Back in 1971 I went to collect my new company car and as I drove out of the showroom in a heavy downpour, one of the windscreen wipers shot off and disappeared into the peak hour traffic.
That’s the thing with wipers.
If they work, as they usually do, they still leave a lot of glass unwiped because they operate in a sort of semi-circular way.
They’ve nearly always been that way, based on pretty dated technology.
The earliest wiper dates back to 1896, when George J. Capewell of Hartford, Connecticut, came up with his automated , motorised, wiper for “cars, locomotives, and such land-vehicles.”
However Mary Anderson, another American inventor, is popularly credited with devising the first operational windscreen wiper in 1903.
Her “window cleaning device” for electric cars and other vehicles was operated via a lever from inside a vehicle.
Then, in 1917, John Oishei, whose Trico products are still going strong today, invented the ‘rain rubber’ wiper blade.
Little has changed in the last century.
Most wipers work on a twin wiper system, some have blades of unequal length, a few are single blade jobs, but all will leave an annoying streak if a minute bug or bit of foliage its trapped under the blade.
Now Tesla has filed a patent application for an electro-magnetically motivated windshield wiper blade, that it says would be both more efficient and offer superior longevity over conventional wiper designs.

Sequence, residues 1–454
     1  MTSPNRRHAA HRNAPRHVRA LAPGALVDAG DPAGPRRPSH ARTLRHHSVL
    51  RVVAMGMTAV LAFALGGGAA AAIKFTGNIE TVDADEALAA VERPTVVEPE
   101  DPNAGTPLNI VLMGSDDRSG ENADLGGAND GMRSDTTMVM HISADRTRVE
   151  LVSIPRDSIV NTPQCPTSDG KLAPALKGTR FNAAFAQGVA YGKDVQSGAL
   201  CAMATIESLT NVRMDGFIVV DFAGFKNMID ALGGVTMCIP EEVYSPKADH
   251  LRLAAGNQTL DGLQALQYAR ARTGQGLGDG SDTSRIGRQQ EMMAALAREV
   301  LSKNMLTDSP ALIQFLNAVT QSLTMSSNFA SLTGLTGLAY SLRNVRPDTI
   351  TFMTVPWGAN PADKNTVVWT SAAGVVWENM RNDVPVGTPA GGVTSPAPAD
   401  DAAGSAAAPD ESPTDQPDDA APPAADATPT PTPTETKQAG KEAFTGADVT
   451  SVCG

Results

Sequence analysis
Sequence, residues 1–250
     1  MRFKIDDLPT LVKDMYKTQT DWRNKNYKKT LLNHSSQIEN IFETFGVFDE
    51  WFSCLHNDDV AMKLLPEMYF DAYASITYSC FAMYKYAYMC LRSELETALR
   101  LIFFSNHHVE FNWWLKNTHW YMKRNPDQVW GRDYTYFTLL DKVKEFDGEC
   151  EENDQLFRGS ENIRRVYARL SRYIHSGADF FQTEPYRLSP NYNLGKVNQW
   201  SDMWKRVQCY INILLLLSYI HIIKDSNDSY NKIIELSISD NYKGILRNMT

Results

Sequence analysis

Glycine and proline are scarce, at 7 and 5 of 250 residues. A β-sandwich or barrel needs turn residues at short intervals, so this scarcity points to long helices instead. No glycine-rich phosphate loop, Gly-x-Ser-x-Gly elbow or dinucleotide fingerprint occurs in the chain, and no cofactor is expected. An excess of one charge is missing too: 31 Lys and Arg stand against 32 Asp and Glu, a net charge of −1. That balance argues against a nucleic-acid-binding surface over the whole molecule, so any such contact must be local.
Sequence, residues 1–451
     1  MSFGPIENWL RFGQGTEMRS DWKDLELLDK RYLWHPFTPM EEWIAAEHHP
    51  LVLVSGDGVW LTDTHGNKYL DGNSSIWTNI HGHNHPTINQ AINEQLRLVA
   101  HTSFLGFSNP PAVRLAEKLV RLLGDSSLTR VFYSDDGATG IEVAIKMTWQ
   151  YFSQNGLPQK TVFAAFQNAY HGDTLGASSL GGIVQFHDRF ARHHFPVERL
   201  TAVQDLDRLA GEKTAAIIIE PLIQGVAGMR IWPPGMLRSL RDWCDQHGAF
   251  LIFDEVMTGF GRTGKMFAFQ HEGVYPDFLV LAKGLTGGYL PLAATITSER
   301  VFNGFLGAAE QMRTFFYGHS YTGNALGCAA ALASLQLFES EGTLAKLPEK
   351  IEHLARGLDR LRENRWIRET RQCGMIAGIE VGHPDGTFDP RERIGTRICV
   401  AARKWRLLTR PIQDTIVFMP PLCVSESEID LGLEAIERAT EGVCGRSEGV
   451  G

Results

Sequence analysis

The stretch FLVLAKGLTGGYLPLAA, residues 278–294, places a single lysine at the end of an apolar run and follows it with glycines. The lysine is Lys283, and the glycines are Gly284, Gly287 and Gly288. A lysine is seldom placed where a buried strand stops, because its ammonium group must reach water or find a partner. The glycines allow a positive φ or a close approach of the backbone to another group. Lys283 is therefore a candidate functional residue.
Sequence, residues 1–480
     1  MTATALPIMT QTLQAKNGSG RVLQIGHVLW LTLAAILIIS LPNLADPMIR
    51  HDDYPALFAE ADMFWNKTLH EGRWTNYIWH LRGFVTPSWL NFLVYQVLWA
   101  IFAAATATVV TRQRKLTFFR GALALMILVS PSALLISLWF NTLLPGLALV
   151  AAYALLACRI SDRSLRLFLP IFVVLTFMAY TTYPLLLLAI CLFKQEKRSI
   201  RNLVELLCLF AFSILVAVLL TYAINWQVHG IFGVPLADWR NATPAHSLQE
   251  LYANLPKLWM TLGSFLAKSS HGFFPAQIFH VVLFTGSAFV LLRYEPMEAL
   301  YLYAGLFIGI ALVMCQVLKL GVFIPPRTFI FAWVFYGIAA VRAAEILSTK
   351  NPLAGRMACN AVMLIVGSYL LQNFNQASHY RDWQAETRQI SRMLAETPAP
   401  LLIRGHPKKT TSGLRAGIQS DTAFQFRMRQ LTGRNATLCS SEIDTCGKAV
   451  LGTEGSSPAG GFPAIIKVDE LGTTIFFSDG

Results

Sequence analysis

Rather than a typical motor-and-arm arrangement, Tesla’s patent suggests mounting the wiper arm bases on blocks which move back and forth on guide rails.
Current running through coils in the mounting blocks would activate electromagnets, causing the blocks to move along the rails in an almost zero-friction arrangement.
Tesla’s drawings show both single and dual blades.
The patent, which was filed earlier in September and spotted by Road & Track, describes multiple benefits of this approach to a fairly mundane system.
For starters, this wiper design would be free of the parasitic losses common in conventional setups as power is expended to produce movement of the wiper arms and components in the motors themselves.
The electromagnetic system would also not need the power required to overcome friction in these components, as the blocks on which the wipers are mounted would essentially float over the guide rails, rather than rubbing against them, and cover a greater area of glass.
Tesla also has its eyes on longevity.
The lack of friction means less wear over time, resulting in more predictable, precise operation throughout the course of the Tesla’s service life.
This is especially important for the EV giant as it plans to roll out more advanced versions of its self-driving suite, which require excellent forward visibility for its cameras to operate effectively.
It remains to be seen whether this would have much (if any) impact on a vehicle’s power consumption on a large scale.
Owners of Teslas in sunny parts of the world would likely see very little benefit, but who knows what else Tesla can do for systems such as these that have evolved very little since their introduction?
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